The Chilean government ceded a significant parcel of land in downtown Santiago to the municipality, in 1848, and an 1853 decree by President Manuel Montt Torres provided for the construction of a municipal theater in his nation's capital, by then a rapidly growing city. French Chilean architect Claudio Brunet des Baines was commissioned for its design, and its construction was entrusted to another French Chilean, civil engineer Felipe Charme de l´Isle. Brunet des Baines created a French Neoclassical exterior for the theater, though his 1855 death left the supervision of the design to his countryman, Lucien Henault, and to the latter's assistant, Manuel Aldunate. The new team also benefited from a collaboration with Charles Garnier, the architect of the Opéra National de Paris.
The Teatro Municipal was inaugurated on September 17, 1857, with the opera Ernani by Giuseppe Verdi, performed by an Italian company brought in specially for the occasion. At the time, the theatre held 1,800 spectators, and included distinctive interior details such as a teardrop crystal chandelier. A December 8, 1870, performance by opera diva Carlotta Patti was followed by a massive fire, which practically destroyed the building. A quick response by both the local government and Chilean high society resulted in the theatre's prompt reconstruction, designed by Henault and completed on July 16, 1873. Its reinauguration was accompanied by a performance of Verdi's La forza del destino.
The theatre went through a devastating 1906 earthquake, suffering the loss of most of its interior, and a second, serious fire in 1927, although it recovered quickly on both occasions. Following these reconstructions, the theatre's capacity was reduced to 1,500 in the main hall; however, its interior became more opulent. It was further modernized in 1952 and 1959, and numerous cultural institutions were created for the theatre during that era. The Santiago Philharmonic Orchestra was established in 1955, the Cultural Corporation of Santiago was formed to administer the center in 1957, the Santiago Ballet in 1959, and the Teatro Municipal Chorus, in 1962.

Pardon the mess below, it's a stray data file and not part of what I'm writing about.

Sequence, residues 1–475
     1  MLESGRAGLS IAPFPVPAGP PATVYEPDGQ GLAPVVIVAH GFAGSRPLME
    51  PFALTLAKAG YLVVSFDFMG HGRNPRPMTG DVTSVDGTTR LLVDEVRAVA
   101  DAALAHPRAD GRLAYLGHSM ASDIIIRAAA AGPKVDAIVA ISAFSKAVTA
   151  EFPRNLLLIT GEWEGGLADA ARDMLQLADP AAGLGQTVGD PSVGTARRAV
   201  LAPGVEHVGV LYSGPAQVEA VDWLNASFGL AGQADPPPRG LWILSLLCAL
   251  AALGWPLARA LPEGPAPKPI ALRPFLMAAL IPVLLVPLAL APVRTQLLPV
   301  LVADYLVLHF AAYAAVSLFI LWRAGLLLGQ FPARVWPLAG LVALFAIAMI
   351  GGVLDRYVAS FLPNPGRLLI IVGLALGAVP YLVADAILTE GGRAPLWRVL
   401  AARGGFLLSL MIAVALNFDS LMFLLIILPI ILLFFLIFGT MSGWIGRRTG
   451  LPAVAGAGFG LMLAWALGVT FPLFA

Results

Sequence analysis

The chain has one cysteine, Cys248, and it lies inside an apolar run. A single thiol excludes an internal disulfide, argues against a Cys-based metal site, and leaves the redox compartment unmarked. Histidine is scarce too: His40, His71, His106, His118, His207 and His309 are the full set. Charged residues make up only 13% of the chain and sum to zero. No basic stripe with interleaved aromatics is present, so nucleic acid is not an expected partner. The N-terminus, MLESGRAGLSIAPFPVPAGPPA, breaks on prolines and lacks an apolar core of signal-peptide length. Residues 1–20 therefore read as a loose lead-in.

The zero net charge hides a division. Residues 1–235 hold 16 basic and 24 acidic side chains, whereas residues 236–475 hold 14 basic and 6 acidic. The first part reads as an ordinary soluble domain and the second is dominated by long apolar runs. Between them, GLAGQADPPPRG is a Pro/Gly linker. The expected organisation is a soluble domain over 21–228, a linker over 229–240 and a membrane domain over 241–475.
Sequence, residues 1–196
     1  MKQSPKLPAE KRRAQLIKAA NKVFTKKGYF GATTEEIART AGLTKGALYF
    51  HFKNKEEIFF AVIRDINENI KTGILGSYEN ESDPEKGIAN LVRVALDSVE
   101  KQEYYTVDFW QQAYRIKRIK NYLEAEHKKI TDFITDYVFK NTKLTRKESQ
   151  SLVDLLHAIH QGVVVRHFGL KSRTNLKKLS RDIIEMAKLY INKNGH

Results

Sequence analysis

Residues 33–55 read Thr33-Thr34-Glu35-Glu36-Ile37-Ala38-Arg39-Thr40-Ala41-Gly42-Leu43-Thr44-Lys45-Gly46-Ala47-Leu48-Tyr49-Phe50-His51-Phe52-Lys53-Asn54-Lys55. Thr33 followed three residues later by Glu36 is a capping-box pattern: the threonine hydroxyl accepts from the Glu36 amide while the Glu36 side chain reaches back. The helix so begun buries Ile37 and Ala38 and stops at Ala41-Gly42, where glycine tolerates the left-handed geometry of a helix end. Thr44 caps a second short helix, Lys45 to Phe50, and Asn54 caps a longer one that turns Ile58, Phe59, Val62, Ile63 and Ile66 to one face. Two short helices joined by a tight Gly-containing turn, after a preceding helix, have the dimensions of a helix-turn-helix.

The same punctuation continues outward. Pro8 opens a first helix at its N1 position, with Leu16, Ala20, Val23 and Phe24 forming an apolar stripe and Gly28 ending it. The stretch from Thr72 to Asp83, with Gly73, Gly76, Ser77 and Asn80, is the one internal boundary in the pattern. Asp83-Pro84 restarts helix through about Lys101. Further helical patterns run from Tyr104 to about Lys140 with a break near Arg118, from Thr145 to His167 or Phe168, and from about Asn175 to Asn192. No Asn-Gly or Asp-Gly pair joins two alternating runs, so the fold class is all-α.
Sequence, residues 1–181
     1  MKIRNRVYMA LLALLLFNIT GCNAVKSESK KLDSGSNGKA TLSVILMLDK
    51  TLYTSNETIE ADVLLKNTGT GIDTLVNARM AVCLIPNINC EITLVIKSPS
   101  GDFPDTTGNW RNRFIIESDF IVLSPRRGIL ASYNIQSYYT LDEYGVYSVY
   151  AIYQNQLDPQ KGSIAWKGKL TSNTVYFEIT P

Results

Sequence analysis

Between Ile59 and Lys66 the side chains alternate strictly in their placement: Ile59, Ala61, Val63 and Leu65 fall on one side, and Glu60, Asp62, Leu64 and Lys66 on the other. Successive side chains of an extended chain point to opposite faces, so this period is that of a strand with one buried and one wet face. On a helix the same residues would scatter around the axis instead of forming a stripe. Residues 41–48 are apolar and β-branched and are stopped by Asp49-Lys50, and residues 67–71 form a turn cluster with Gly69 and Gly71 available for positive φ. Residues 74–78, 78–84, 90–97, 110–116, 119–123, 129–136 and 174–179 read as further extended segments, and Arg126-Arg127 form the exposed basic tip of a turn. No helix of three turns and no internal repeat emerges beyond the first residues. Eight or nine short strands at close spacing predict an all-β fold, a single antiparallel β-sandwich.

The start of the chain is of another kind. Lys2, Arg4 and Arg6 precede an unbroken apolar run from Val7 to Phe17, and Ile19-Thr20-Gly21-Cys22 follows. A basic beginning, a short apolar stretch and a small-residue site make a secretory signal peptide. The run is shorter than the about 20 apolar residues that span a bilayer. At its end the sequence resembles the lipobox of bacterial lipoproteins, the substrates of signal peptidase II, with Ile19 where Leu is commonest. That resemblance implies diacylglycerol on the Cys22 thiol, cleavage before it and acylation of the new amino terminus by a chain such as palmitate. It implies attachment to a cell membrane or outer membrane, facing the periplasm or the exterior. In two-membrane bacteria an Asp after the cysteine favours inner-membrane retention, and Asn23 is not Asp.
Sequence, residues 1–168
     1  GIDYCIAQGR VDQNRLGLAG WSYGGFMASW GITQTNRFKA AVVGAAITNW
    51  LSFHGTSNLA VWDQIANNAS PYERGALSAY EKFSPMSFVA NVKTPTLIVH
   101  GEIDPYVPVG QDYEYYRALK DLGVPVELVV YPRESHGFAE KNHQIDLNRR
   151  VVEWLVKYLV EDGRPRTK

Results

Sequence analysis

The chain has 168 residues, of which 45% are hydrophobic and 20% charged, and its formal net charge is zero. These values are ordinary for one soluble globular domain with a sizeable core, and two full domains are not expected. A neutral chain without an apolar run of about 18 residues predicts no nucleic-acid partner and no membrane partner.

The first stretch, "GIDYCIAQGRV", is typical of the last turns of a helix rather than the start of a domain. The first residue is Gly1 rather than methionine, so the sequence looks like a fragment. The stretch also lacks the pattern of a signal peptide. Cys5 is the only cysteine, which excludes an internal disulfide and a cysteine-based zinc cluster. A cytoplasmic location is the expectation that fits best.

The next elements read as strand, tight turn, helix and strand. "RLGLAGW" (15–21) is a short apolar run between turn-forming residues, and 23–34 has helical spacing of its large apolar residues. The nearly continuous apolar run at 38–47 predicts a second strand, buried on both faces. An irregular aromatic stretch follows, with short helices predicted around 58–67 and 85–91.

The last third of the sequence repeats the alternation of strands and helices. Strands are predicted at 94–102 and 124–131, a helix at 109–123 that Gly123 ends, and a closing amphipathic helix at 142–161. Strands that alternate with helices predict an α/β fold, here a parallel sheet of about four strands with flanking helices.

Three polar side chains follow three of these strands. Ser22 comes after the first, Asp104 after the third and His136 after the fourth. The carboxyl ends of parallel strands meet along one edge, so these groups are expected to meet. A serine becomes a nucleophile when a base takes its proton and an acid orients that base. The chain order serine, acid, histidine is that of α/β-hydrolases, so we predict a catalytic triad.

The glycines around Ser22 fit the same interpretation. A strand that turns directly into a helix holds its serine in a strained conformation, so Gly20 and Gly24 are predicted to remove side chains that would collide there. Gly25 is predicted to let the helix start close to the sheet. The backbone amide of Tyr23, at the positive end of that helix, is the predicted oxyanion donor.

The Teatro Municipal was declared a National Monument, in 1974. Renowned Chilean pianist Claudio Arrau, who had left his homeland in 1941, returned for a visit in 1984, on which occasion the Claudio Arrau Salon, seating 250 spectators, was inaugurated. The stage curtain, installed in 1926, was replaced in 1995 with funds raised by offering donors a piece of the older curtain as a keepsake.
The institution continues to maintain an active repertoire, and some of its most illustrious recent international guest performers and conductors have included: names in ballet such as Julio Bocca, Mikhail Baryshnikov, the Bolshoi Ballet and the Mariinsky Ballet; pianists Claudio Arrau, Valentina Igoshina and Arthur Rubinstein, Vladimir Ashkenazy and Daniel Barenboim; violinists Mischa Elman, Jascha Heifetz, Yehudi Menuhin, Gil Shaham and Isaac Stern; conductors Zubin Mehta, Charles Dutoit, Kurt Masur and Pierre Boulez; and stage performers such as Plácido Domingo, Dame Kiri Te Kanawa, Vivien Leigh, Luciano Pavarotti, Tito Schipa and Renée Fleming.